Legend in his lunch break

Paul Trow talks to the man who found the formula for unity

Much has been made of the intermediary skills of Bill Bishop, the Rugby Football Union's president, in helping to heal the rift with the leading clubs. And there is little doubt that before the genial Cornishman became involved, the negotiations between Epruc and the RFU team, headed by the controversial Cliff Brittle, were heading nowhere, fast. Right up to Friday afternoon, the impasse was still firmly in place with both sides apparently equally determined to give no further ground.

The decisive intervention, it seems, came from an individual who had been in the eye of the storm since it first blew up when the game was declared open by the International Rugby Board in Paris last August.

Tony Hallett, who was installed as secretary of the RFU in succession to Dudley Wood after last summer's World Cup, had suffered a grim baptism of fire in his new job. His experience as a senior Royal Navy officer had scarcely prepared him for the machinations and internecine politics which, within a few brief months of the IRB's historic announcement, had English rugby paralysed in its grip.

But cometh the hour . . . and in Hallett's case the crucial hour when he came of age as one of the shapers of rugby's future was during the lunch break. In the morning, the two adversaries were given the opportunity to address each other. Polite applause followed the presentation by Epruc's four representatives, but after the RFU negotiating team's report it was clear, in Hallett's words, "that there were still a lot of differences". So while nearly 60 of rugby's finest were taking the edge off their hunger, Hallett went off on his own "to write a resolution which I hoped would bring the parties together".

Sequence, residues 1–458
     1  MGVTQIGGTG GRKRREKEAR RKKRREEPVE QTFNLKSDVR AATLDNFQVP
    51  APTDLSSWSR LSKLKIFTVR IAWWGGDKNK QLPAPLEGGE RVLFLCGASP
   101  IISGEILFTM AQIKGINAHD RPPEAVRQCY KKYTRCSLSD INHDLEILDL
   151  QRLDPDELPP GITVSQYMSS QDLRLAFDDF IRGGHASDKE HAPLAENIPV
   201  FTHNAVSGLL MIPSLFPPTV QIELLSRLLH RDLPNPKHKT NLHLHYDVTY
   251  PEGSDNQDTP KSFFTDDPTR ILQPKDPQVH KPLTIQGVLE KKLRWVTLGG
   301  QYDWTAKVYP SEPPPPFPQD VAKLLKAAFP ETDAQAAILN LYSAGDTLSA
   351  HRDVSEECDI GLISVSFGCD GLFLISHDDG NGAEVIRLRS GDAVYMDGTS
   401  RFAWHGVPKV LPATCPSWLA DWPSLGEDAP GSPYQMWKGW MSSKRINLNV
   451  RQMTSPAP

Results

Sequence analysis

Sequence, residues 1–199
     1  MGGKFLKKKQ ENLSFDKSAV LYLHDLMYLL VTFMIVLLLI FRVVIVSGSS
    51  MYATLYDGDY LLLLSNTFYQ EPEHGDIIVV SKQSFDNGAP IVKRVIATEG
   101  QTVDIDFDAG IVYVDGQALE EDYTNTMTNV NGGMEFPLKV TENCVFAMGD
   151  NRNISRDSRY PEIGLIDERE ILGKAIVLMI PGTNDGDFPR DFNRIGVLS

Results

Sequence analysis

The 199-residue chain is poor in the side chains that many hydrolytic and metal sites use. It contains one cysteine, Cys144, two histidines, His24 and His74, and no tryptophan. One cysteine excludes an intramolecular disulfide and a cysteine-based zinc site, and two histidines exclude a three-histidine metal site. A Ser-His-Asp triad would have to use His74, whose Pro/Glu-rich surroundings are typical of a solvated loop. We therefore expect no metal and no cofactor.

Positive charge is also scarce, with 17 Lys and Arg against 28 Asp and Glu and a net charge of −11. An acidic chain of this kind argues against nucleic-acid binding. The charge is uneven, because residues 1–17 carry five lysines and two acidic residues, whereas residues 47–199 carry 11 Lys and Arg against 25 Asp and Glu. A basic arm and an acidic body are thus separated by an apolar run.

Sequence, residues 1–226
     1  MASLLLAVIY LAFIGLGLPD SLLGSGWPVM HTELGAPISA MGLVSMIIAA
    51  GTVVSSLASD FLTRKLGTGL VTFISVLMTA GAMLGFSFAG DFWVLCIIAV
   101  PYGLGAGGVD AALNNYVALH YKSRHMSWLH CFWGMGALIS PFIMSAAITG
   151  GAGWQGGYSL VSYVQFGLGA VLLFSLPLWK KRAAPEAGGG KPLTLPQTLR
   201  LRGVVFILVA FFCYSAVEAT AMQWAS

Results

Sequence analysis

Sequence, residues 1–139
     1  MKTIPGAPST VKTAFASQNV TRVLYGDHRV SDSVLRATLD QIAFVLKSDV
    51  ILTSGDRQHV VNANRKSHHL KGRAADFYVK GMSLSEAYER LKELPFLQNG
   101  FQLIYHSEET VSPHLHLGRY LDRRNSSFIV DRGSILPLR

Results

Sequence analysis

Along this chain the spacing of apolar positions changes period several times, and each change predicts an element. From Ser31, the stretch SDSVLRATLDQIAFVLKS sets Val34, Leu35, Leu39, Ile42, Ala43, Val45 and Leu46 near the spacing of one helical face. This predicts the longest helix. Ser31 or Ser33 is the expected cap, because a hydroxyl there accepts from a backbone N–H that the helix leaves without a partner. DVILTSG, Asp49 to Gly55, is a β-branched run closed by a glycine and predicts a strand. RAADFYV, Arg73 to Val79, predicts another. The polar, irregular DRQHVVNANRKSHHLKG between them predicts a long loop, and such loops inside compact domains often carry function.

In all, he produced three pages when the proceedings resumed at around 3.30pm. "I showed it first to the RFU committee and then I took it to the Epruc representatives who were in a separate room," Hallett said.

"All of a sudden, my resolution had almost universal acceptance by all sides. It was subjected to some amendment, but not much, and within two hours we had reached agreement. There was a handshake at around 6.15pm and then we set about trying to prepare a press statement.

"That led to more to-ing and fro-ing before both parties agreed the wording. They never met officially again after the morning session, and by the time we held the press conference at around 7.45pm to announce the news most of those involved in the talks had gone." As the delegates filed away after five months of huffing and puffing, Hallett allowed himself a quiet smile of satisfaction at a job well done. Almost statesmanslike, in fact.

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